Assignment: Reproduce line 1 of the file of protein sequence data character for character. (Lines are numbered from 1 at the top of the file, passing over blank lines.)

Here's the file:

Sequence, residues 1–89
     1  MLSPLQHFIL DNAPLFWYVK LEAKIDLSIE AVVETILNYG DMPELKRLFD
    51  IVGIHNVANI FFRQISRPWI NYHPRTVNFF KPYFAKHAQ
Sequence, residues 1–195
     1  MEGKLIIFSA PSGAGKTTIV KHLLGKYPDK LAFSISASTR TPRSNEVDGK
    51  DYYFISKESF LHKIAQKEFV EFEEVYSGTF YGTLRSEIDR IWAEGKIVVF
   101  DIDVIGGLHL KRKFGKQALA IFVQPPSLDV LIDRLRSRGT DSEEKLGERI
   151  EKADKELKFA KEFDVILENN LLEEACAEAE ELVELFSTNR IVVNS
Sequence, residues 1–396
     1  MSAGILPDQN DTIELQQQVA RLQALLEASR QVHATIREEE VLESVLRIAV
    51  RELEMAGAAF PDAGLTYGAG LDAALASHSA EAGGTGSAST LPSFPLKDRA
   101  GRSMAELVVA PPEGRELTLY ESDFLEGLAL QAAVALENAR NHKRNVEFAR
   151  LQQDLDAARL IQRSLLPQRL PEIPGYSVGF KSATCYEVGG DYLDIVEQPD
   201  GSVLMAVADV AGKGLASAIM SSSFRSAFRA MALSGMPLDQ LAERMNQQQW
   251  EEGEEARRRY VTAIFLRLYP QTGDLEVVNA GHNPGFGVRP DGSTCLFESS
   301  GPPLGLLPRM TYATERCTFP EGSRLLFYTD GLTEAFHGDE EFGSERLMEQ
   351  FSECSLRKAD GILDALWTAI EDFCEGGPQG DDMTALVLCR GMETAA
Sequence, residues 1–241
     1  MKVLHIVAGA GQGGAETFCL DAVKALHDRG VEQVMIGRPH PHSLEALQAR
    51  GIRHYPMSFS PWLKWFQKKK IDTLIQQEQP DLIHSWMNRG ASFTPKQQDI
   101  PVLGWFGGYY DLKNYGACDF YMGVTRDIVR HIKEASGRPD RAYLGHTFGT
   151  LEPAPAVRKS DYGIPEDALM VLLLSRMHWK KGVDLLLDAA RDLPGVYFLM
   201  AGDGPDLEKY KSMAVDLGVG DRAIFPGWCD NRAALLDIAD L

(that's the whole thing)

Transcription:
Sequence, residues 1–89